The U.S. Consumer Product Safety Commission (CPSC) has, for the first time, voted to set federal safety standards for strollers. The commission's vote, which was unanimous at 3-0, includes a series of previously voluntary regulations, and it adds specific provisions to prevent strollers from having a risk of injuries including scissoring, shearing, and pinching, most of which are associated with folding or foldable strollers. Last summer, Peg Perego recalled 223,000 strollers because of entrapment and strangulation hazards, and thousands of Kolcraft strollers were also recalled because of a finger amputation hazard.
For the new federal standards, CPSC staff reviewed more than 1,200 stroller-related incidents, including four fatalities and nearly 360 injuries that occurred from 2008 through 2012. The agency believes that the new standard will help to reduce the risks associated with the majority of the hazard patterns identified in reviewing the stroller incidents. Hazards include wheel breakage or detachment, hinge issues, car seat attachment, handlebar failures, and structural integrity issues. The injuries that have resulted from these problems include finger amputation, falls, and head entrapment.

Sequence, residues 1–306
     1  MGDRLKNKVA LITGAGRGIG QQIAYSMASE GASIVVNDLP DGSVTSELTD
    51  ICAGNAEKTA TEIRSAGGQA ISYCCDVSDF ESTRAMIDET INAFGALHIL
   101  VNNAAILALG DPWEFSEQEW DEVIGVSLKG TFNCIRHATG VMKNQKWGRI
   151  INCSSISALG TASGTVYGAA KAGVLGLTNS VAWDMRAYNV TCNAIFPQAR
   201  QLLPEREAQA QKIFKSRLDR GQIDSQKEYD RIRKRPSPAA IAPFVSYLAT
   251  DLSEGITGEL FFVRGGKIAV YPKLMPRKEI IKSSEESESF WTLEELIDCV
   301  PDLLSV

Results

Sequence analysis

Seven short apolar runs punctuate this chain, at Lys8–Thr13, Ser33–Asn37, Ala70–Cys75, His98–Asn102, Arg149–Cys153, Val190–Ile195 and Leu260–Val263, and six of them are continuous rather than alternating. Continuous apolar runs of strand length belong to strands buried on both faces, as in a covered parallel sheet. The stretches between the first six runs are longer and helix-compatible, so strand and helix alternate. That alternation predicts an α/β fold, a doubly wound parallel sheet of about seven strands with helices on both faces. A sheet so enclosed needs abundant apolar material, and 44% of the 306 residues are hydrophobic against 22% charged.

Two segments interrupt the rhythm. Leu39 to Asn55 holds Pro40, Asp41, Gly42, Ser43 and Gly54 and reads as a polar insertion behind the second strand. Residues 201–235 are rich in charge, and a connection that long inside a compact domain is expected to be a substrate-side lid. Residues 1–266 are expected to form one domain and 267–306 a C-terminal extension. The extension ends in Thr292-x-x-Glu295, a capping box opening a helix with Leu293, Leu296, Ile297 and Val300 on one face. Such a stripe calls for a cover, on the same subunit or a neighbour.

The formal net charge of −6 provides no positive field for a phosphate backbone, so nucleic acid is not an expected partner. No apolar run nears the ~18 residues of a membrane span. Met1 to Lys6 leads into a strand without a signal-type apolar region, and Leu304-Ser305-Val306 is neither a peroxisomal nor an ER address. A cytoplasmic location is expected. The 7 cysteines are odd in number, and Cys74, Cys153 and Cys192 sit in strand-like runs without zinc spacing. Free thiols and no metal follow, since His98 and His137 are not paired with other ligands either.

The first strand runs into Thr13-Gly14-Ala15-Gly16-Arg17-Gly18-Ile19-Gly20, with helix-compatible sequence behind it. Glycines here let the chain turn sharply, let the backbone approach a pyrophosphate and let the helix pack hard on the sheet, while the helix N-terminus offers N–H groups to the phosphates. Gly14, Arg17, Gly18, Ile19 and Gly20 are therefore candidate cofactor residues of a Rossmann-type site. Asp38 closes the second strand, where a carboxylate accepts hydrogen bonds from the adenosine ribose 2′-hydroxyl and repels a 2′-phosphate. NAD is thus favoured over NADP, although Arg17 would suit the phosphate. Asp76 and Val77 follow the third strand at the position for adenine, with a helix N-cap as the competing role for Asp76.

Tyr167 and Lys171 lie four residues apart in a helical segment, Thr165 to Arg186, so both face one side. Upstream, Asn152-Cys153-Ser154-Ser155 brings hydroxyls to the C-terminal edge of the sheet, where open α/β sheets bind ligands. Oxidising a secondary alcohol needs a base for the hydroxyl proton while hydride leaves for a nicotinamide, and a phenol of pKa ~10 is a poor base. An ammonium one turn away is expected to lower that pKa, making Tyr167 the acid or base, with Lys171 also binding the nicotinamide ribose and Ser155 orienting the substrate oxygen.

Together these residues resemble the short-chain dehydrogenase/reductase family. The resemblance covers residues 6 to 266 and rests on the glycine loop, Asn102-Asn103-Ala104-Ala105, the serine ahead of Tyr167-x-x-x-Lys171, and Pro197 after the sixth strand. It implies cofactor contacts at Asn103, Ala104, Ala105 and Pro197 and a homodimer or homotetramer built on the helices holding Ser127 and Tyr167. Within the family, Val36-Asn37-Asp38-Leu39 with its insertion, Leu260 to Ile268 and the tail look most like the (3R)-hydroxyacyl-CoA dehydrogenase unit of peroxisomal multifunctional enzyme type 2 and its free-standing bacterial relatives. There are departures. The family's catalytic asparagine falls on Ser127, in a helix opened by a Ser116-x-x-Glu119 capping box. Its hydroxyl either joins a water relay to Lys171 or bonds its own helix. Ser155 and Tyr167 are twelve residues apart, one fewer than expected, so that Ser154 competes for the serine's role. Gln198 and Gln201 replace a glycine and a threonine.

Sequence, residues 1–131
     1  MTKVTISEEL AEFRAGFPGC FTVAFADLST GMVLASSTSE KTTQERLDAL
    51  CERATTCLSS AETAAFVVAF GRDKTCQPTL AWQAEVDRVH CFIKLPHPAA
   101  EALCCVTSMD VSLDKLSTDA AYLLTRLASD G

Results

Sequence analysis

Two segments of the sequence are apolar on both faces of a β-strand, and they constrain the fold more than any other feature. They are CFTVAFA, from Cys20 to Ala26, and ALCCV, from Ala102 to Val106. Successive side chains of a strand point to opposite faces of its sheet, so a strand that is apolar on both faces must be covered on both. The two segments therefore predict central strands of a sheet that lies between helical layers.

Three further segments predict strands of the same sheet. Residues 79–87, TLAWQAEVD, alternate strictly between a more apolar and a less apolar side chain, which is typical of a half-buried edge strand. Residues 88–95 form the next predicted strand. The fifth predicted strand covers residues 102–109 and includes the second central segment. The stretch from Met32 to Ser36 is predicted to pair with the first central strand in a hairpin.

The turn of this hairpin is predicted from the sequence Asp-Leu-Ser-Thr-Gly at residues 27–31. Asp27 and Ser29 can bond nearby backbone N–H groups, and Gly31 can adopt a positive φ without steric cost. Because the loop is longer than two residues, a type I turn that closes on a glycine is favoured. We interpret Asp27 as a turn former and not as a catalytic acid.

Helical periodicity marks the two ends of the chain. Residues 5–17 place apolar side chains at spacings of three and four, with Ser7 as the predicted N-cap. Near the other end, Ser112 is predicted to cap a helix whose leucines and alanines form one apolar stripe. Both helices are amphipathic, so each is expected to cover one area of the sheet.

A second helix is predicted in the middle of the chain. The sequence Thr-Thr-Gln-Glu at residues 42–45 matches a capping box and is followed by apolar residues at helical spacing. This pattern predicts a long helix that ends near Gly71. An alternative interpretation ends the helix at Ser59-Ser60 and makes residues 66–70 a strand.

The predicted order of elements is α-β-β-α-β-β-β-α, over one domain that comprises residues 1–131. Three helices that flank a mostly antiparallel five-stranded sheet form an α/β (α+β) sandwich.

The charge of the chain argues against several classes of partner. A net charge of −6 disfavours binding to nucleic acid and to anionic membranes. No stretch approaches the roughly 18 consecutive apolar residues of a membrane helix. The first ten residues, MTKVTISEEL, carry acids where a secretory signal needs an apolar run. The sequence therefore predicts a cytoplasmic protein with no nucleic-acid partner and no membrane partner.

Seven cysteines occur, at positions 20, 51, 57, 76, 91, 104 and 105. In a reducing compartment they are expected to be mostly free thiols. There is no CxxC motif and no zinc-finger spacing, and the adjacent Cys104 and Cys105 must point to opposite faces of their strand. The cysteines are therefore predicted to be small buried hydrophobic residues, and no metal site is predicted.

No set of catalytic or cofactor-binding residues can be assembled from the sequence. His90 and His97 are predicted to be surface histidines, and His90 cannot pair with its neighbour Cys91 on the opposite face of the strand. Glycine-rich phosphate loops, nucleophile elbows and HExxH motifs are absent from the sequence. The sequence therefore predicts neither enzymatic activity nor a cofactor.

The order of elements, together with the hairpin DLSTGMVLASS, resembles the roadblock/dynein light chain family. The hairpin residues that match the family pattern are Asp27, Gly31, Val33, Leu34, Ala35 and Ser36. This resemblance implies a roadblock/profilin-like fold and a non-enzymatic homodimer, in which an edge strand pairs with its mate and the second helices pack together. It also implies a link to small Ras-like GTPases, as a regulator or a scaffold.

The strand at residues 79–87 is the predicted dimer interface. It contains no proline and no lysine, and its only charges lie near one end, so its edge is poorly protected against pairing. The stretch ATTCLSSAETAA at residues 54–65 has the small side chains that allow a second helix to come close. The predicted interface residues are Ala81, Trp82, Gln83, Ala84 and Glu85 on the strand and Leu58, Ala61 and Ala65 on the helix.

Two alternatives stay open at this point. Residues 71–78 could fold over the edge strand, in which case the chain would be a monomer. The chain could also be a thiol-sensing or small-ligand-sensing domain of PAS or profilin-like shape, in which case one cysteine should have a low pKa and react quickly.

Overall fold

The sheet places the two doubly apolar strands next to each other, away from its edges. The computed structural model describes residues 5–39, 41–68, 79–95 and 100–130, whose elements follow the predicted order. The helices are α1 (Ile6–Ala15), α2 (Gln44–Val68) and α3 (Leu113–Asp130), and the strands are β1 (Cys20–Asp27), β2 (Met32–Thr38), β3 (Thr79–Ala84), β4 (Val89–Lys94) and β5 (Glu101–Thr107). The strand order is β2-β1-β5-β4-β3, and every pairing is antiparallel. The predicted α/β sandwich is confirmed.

The proposed standard has a 75-day "comment period" before it is added to the Federal Register, during which time the public can post comments at www.Regulations.gov. The CPSC recommends that the standard become effective 18 months after publication of the final rule in the Federal Register.
Image: Mother and baby with stroller, via Shutterstock